Stickin' it to the man since 1927.
Five articles about Aliens
By Claire Tierney
Mr. Montgomery, a small time gambler and alien abduction veteran, sold the United States some bogus defense software for $20 million. Montgomery convinced the FBI and CIA that his presumably alien proof software could detect “secret Al-Qaeda messages embedded in video pixels on Al Jazeera’s news website.” As of now, Montgomery has not been charged with wrongdoing by the US government and is not likely to be, as apparently the agencies do not want to publicize their gullibility.
UFO’s repel voters
After Ruth Parks lost the election for treasurer of Horseshoe Bend, Ark., she sued on grounds that there was a conspiracy by the mayor and police chief. The court turned the appeal down, concluding that the voters, and not her conspiracy, were responsible for her defeat. Her loss has been attributed to her well known belief in aliens and UFO’s, as well as her and her husband’s conflicting views on the subject. She insists that she has not been abducted by aliens, while her husband insists that she had been, many times, and that they left scars.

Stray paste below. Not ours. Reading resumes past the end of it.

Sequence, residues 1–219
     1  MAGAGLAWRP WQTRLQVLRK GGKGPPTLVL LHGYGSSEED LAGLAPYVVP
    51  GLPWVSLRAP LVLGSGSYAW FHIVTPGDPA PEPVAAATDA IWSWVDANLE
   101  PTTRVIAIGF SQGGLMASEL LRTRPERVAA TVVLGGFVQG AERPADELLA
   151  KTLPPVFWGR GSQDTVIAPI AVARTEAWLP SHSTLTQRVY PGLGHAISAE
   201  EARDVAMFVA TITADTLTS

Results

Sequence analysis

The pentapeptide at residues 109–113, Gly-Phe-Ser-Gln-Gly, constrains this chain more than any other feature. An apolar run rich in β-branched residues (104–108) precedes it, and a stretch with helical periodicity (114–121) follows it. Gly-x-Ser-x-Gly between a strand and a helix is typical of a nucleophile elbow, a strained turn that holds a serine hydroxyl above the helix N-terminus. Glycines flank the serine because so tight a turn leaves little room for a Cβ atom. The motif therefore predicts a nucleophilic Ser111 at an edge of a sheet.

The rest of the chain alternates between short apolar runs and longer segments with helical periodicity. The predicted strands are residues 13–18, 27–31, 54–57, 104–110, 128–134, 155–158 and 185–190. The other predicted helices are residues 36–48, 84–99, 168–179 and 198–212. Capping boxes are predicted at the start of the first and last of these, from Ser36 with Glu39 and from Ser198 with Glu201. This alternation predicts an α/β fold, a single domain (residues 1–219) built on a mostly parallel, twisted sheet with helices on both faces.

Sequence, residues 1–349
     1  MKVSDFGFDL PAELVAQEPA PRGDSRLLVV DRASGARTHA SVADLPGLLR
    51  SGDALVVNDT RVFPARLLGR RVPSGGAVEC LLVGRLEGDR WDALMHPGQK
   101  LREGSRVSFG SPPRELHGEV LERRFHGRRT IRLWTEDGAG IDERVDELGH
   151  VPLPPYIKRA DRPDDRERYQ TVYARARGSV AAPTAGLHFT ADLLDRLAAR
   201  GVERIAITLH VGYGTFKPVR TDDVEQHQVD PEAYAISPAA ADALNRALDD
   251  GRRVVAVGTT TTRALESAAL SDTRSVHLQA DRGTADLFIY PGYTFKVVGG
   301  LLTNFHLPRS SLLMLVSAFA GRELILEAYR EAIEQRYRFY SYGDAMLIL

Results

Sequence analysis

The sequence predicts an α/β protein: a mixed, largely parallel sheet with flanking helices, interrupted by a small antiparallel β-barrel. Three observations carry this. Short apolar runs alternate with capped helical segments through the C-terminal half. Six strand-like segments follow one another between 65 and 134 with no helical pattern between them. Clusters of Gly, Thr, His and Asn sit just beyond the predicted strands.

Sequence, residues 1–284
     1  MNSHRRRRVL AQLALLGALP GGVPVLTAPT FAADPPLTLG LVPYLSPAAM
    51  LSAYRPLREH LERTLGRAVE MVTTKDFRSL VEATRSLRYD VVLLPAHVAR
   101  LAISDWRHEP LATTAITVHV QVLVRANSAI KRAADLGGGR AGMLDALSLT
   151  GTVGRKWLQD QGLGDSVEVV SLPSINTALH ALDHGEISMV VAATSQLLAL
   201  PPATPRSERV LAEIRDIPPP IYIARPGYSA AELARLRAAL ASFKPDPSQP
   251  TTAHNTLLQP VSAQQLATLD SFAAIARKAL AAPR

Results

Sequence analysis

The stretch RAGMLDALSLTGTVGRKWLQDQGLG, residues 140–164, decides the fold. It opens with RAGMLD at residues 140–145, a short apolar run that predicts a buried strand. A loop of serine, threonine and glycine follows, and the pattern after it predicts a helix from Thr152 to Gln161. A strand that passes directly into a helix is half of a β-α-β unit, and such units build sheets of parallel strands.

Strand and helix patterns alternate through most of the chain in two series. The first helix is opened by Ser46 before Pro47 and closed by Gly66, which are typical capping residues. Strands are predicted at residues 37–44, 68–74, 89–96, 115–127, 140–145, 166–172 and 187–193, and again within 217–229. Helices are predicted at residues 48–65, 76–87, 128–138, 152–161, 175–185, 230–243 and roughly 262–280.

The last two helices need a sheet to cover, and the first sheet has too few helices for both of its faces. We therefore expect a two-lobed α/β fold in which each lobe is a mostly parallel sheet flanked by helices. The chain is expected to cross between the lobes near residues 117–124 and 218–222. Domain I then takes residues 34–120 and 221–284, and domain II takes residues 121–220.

Alien house party
Kirsan Ilyumzhinov, Governor of the Russian republic Kalmykia, reported on television that he was abducted in a space ship in 1997 and forced to communicate telepathically with aliens, and then later “entertained some in his apartment.” A crisis immediately emerged in which concern over the protection of state secrets arose. Next, concern over Ilyumzhinov’s chess skills arose, as he was a world champion at the time. Amidst all this madness, President Medvedev’s chief economic advisor, also a chess stud himself, supported UFO stricken Ilyumzhinov, calling to attention his “superior managerial talent.”
23-year-old Julie “Jitterbug” Pearce (the beginnings of her nickname are unknown), built a UFO- attracting device for the roof of her Duluth, Minn. home this past august. She reportedly built the alien inviting machine from parts she purchased from the estate of a laser-tech engineer. Jitterbug told the Deluth News Tribune that her machine’s “triangularly patterned strobe light design, looped radio transmissions, and laser light refracted through a quartz crystal may help signal aliens in the area.”
Capitalizing on crazy
Evidently, British insurance companies are known for writing the occasionally unconventional policy, covering eccentric and unusual risks, like Goodfellow Rebecca Ingrams Pearson’s Alien Abduction Policy. The policy is the equivalent of $160,000 and covers: alien abduction, any pregnancies that result from said abduction, both male and female. This is in the event that aliens have “such extraordinary powers that they can impregnate males, according to the policy.